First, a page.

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Thursday, April 30, 2015

Tourism for Locals: Fancy Animal Carnival Prances at Civic Center Plaza

Posted By on Thu, Apr 30, 2015 at 11:00 AM

Temporary Artful Whimsy. - JUAN DE ANDA
  • Juan De Anda
  • Temporary Artful Whimsy.

San Francisco lives in a bubble all its own. Our surroundings are fantastical and bright—thus always evoking an image of city of perpetually effulgent color, despite the enclosing fog cover. Now, for the time being, there's another artist adding his Pop-art colored work to our artistic landscape: Taiwanese artist Hung Yi and the member sculptures of his Fancy Animal Carnival.

The Taiwanese sculptor, who 15 years ago decided to sell his nine restaurants in Taiwan and pursue art full time, works in a playful, hybrid style full of bright, primary colored hues, cartoonish figures and traditional motifs, patterns and lettering. Each one of his sculptures is handmade out of baked steel enamel plates and represents anthropomorphic interpretations of animals. Yi's current large-scale display on the east side of City Hall is no exception.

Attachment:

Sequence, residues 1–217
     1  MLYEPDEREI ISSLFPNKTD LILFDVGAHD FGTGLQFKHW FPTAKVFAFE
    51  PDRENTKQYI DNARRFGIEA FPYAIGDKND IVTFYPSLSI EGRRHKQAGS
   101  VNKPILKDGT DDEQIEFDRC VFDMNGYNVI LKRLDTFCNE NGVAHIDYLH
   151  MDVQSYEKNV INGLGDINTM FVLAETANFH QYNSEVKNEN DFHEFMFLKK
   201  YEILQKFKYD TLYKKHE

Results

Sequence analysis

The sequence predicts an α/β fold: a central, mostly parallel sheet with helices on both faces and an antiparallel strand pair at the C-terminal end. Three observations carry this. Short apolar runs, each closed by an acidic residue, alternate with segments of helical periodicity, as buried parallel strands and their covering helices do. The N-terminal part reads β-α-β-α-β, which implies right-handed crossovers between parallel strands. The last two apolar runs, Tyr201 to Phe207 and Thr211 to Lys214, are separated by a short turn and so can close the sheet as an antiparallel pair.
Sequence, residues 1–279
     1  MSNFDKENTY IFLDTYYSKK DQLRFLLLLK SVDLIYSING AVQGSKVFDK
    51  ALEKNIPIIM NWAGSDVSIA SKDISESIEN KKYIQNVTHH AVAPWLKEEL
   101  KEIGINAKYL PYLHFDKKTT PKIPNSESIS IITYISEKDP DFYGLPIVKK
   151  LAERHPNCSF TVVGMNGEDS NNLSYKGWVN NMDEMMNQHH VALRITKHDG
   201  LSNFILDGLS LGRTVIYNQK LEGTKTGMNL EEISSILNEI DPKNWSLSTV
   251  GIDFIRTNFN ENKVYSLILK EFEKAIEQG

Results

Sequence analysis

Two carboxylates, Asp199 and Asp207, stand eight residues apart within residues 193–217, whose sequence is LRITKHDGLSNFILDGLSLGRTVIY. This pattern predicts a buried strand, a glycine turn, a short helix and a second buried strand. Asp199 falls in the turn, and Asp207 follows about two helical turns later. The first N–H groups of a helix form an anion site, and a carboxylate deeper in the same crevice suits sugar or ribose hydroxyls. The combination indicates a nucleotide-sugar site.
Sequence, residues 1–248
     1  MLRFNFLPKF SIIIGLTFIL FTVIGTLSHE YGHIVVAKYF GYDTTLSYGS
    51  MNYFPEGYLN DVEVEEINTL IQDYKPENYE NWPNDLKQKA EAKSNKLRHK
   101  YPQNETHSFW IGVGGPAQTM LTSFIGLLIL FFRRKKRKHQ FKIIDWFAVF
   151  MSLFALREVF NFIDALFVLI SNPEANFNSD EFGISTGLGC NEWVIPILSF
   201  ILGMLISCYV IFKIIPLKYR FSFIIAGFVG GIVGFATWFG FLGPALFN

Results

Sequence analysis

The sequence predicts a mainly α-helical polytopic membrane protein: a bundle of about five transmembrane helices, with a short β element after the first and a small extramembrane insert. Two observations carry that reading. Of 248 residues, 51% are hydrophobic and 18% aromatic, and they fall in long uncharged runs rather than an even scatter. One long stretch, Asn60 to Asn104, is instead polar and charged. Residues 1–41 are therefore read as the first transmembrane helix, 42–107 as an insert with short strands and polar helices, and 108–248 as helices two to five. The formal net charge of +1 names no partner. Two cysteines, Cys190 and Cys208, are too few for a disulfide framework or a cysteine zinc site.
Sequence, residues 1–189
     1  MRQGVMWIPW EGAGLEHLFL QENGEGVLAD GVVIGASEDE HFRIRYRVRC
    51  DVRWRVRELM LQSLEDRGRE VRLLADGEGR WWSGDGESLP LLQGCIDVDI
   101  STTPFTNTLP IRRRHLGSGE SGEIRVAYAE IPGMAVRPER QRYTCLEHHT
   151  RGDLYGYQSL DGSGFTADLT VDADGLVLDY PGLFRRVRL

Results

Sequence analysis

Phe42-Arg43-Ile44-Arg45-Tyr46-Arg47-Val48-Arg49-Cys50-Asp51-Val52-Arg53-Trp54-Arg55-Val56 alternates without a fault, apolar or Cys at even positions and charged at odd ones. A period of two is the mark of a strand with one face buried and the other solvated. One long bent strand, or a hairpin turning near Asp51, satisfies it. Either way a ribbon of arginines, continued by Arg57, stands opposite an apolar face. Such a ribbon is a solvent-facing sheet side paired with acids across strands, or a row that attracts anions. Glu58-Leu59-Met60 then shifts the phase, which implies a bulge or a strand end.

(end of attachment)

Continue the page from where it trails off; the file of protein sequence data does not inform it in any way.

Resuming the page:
A modern Taiwanese twist on Aesop's Fables, Fancy Animal Carnival uses the folk tale of the twelve animals of the zodiac, blending the Chinese and European versions of the famed tale. Each of the 19 animal sculptures represents a story, an allegory of life wisdom, expressed through its interaction with each piece and the public. Take the example of the elephants. According to the artist's description at the base of the work, the word elephant is a homonym of the word "sharing" in Mandarin. Therefore the work depicts two elephantine figure sharing a cherry with each other and the action in the sculpture is being shared with the spectator.